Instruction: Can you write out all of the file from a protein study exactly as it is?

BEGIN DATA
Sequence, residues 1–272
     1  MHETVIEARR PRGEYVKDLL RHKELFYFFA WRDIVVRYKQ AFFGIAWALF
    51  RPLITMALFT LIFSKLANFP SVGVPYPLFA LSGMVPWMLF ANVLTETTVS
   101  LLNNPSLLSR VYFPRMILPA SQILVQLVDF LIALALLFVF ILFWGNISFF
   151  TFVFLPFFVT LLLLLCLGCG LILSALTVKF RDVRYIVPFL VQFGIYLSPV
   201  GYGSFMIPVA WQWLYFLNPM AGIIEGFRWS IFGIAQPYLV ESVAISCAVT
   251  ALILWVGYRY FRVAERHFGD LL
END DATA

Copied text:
Sequence, residues 1–272
     1  MHETVIEARR PRGEYVKDLL RHKELFYFFA WRDIVVRYKQ AFFGIAWALF
    51  RPLITMALFT LIFSKLANFP SVGVPYPLFA LSGMVPWMLF ANVLTETTVS
   101  LLNNPSLLSR VYFPRMILPA SQILVQLVDF LIALALLFVF ILFWGNISFF
   151  TFVFLPFFVT LLLLLCLGCG LILSALTVKF RDVRYIVPFL VQFGIYLSPV
   201  GYGSFMIPVA WQWLYFLNPM AGIIEGFRWS IFGIAQPYLV ESVAISCAVT
   251  ALILWVGYRY FRVAERHFGD LL